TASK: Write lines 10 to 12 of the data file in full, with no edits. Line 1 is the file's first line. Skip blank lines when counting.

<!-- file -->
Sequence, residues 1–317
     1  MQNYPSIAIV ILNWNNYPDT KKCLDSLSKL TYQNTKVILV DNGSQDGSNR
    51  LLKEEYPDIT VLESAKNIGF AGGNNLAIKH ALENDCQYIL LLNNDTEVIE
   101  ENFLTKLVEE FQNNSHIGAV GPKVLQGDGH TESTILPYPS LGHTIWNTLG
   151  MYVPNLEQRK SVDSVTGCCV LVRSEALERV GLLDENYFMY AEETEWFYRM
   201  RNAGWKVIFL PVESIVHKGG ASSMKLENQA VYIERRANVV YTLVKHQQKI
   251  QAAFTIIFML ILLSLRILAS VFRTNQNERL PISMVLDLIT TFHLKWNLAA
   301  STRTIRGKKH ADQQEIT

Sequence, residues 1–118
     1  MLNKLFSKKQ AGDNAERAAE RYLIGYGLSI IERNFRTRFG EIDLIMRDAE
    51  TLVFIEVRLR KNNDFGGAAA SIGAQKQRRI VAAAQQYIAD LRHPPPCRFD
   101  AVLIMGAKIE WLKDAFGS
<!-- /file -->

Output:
     1  MLNKLFSKKQ AGDNAERAAE RYLIGYGLSI IERNFRTRFG EIDLIMRDAE
    51  TLVFIEVRLR KNNDFGGAAA SIGAQKQRRI VAAAQQYIAD LRHPPPCRFD
   101  AVLIMGAKIE WLKDAFGS